Sunday, April 14, 2024

Scientists solve the mystery of a mineral discovered in a Martian volcano in 2016



A statement #Scholars Planetary experts about the result #exams #Metal Nader has confused them since 2016, after he was discovered by a vehicle #Interest at the tip #Volcano the planet #Tuesday.

Scientists say the mineral is tridymite, a form of quartz that forms at high heat and low pressure and is extremely rare on Earth, but they haven’t figured out how it got there on Mars.

Scientists chose Gale Crater as the landing site for NASA’s Curiosity because it may have contained ancient liquid water. The craft recently discovered evidence that Gale Crater was a lake a billion years ago.

“The discovery of tridiimide in rock is new,” said Christine Seebach, an associate professor in Rice University’s Department of Earth, Environmental and Planetary Sciences, co-author of the study published online in the journal Earth and Planetary Science Letters and a mission specialist on NASA’s Curiosity team, the most surprising of Curiosity’s 10-year Mars mission. One of the observations was the mud in Gale Crater.

He added: “Tridymite is usually associated with developed and eruptive volcanic systems composed of quartz on Earth, but we found it at the bottom of an ancient lake on Mars, where most of the volcanoes are very old.”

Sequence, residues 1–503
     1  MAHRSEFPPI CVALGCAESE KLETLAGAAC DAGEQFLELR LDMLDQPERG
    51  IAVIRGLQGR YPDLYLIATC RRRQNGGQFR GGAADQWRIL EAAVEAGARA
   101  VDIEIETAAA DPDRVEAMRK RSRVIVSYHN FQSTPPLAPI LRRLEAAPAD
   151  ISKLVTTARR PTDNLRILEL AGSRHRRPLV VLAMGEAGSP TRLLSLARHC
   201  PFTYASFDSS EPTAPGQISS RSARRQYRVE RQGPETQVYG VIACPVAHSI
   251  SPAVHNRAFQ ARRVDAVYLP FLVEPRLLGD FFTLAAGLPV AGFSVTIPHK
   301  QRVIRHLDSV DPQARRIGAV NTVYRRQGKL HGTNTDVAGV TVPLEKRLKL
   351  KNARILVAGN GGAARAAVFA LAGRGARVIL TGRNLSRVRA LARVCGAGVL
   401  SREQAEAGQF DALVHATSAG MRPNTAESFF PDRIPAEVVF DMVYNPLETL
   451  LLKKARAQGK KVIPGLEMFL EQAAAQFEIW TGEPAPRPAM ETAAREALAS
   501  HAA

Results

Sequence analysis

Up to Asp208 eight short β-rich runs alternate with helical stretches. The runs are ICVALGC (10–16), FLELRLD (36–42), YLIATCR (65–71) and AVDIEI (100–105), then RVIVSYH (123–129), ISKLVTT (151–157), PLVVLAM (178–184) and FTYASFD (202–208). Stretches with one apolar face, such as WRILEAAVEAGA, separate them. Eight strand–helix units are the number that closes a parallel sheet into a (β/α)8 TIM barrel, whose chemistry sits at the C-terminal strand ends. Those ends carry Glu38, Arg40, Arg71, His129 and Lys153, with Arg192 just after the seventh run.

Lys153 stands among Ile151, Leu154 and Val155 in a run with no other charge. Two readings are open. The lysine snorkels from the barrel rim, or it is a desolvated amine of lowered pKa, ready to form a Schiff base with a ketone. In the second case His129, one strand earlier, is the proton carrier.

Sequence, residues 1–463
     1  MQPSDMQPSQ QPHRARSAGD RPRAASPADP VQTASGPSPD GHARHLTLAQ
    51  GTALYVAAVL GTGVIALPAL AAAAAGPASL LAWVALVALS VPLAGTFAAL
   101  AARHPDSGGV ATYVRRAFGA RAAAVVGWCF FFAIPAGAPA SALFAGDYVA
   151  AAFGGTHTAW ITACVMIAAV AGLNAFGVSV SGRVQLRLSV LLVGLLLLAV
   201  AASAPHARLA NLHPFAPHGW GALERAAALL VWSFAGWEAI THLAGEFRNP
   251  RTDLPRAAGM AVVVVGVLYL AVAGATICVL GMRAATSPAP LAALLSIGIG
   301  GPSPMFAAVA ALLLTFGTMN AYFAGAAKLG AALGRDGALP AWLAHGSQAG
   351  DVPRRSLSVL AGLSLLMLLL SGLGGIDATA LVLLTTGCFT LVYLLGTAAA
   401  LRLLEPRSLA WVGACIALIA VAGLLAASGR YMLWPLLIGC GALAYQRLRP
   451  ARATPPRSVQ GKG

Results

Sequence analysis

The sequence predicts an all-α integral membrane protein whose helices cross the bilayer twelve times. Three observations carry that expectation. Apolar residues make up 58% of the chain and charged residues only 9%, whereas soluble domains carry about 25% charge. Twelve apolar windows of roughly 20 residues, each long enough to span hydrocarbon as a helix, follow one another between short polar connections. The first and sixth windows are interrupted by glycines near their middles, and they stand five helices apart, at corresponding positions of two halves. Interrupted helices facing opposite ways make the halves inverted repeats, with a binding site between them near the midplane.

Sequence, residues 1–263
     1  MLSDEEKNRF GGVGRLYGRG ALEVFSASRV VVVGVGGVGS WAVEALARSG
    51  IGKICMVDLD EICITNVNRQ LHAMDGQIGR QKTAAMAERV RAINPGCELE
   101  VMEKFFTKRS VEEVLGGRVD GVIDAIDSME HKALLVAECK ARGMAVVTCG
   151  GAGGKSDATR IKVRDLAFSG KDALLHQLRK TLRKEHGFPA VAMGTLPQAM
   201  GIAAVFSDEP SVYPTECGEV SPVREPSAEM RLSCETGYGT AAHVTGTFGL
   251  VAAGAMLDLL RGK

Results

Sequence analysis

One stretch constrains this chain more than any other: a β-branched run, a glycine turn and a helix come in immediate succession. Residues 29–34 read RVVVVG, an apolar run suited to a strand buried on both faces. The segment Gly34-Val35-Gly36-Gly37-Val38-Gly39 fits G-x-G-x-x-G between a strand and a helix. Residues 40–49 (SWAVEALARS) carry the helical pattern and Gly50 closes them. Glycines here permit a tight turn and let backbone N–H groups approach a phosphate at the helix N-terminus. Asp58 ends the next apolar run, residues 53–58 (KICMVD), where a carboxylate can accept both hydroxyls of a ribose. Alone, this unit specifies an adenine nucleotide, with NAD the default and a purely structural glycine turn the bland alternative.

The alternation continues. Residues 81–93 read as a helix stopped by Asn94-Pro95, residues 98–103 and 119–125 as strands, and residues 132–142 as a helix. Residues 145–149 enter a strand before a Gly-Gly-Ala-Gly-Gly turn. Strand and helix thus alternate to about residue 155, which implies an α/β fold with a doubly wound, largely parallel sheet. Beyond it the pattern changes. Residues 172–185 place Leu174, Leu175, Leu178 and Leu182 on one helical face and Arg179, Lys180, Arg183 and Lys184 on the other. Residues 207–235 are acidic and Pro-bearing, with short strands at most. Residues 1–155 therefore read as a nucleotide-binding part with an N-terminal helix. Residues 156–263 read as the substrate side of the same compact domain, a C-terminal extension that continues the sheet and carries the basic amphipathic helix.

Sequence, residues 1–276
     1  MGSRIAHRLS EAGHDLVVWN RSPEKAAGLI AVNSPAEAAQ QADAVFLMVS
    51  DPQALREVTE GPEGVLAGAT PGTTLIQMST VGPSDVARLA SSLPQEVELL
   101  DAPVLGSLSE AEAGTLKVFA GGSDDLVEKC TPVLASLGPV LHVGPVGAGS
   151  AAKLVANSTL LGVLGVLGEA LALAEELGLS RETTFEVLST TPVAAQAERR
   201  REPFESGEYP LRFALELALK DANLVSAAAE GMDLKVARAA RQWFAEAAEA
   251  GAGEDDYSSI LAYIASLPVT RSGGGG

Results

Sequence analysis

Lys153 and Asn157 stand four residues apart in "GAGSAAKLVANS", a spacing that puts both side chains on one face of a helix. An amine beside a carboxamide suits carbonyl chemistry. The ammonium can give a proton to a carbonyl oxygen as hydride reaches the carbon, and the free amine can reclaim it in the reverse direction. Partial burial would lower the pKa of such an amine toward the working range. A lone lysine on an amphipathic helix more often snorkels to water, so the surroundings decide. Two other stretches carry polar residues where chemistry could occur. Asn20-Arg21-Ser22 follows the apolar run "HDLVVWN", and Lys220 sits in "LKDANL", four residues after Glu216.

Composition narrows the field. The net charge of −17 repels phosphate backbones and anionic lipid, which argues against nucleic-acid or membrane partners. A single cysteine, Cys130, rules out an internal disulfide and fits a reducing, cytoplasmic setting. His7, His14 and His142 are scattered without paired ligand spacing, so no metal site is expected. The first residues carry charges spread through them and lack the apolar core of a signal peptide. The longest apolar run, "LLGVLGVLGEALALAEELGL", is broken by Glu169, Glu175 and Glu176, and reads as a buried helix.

The team reviewed volcanic material from samples of Martian volcanoes and re-examined sediment evidence from Gale Lake. They came up with a new scenario that fits all the evidence: Martian magma stayed in a chamber beneath the volcano for longer than usual, undergoing a partial cooling process called microcrystallization until more silicon became available.

In a major eruption, the volcano spewed additional silicon-rich ash over the Tridemite into Gale Crater Lake and surrounding rivers.

The water helped break down the ash through the natural processes of chemical weathering, and it also helped sort the weathered minerals.

This scenario is also illustrated by other geochemical evidence in the sample, including opaline silicate and low concentrations of aluminum oxide.

“It’s actually a direct evolution of other igneous rocks that we’ve found in the crater,” Seebach said. We only saw this mineral once, and it was so thick in one layer that we argue that the volcano probably erupted at the same time as the lake. Although the particular sample we analyzed is not volcanic ash, it is weathered and water-sorted ash.

If a volcanic eruption like the one in Gale Crater had a lake, it would mean that the volcanoes erupted 3 billion years ago when Mars was moving from a wetter and warmer world to a drier one. And barren nature it is today.

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Stuart Wagner
Stuart Wagner
"Professional coffee fan. Total beer nerd. Hardcore reader. Alcohol fanatic. Evil twitter buff. Friendly tv scholar."

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